Natural gas in Marcellus shale

PennFuture's Plain Language Guide to Act 13


In February of 2012 Gov. Corbett signed Act 13.

Download a summary or
full text (Version 1.2, as of 04/27/2012) of PennFuture's analysis of this law.

You can also ask PennFuture's legal staff questions about this law.

Natural gas has potential environmental and public health benefits.


But drilling for gas deep in the Marcellus and Utica shale formations is an intensely industrial, inherently hazardous activity that threatens water, air and land resources and public safety if proper regulations, with vigilant oversight, aren't in place.

Pennsylvania should pursue world-class standards, should enact a reasonable drilling tax, and should protect its population. Instead, in February of 2012, House Bill 1950 was signed into law, as Act 13, by Gov. Corbett.

Good news!

On December 19, 2013, the Pennsylvania Supreme Court determined that the zoning rules and waivers for requirements for setbacks from water in Act 13 were unconstitutional. The court also ruled that the legal challenge to the section of the law that outlines how medical professionals can address "chemical trade secrets" associated with gas drilling can continue.

Background

Quiet communities with small law-enforcement departments suddenly have to keep up with population booms. Emergency responders have to learn quickly how to deal with types of accidents they couldn’t have imagined just a few years ago.

Housing prices in these same areas have skyrocketed, often — literally and figuratively — leaving long-time residents out in the cold when they’re priced out of their homes.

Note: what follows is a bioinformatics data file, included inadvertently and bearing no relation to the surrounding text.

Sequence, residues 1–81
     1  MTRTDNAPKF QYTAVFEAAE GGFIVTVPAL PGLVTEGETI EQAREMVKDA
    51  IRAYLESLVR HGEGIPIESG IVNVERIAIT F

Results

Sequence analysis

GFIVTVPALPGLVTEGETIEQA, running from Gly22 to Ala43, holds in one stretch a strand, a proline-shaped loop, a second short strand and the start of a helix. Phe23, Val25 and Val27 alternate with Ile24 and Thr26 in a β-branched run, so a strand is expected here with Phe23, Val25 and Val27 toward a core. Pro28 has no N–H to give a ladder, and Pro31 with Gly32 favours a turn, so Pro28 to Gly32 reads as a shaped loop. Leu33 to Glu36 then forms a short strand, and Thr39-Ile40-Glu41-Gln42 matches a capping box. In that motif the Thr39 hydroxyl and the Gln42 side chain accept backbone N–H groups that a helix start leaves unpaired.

Take action.


Download PennFuture's Citizens guide to Marcellus drilling and add your business or organization to our list of endorsers who want to keep drilling out of Pennsylvania's state parks.

Heavy truck and other traffic damage roads — sometimes faster than they can be repaired.

The list of challenges continues to grow.

After Act 13 was enacted, counties had been granted a scant 60 days (deadline: April 16, 2012) to assess the Oil and Gas Act of 2012 and decide whether or not to adopt the inadequate impact fee it offered — and with a catch. According to the law, counties that opted to institute the fee could have it rescinded by the Pennsylvania Public Utility Commission (PUC) if the commission deemed that a local ordinance conflicted with oil and gas operations. Zoning and setback rules in the law were outlined such that pipelines could potentially end up in neighborhoods and noisy compressor stations could show up near hospitals.

PennFuture will continue to be vigilant in our work to protect Pennsylvania.



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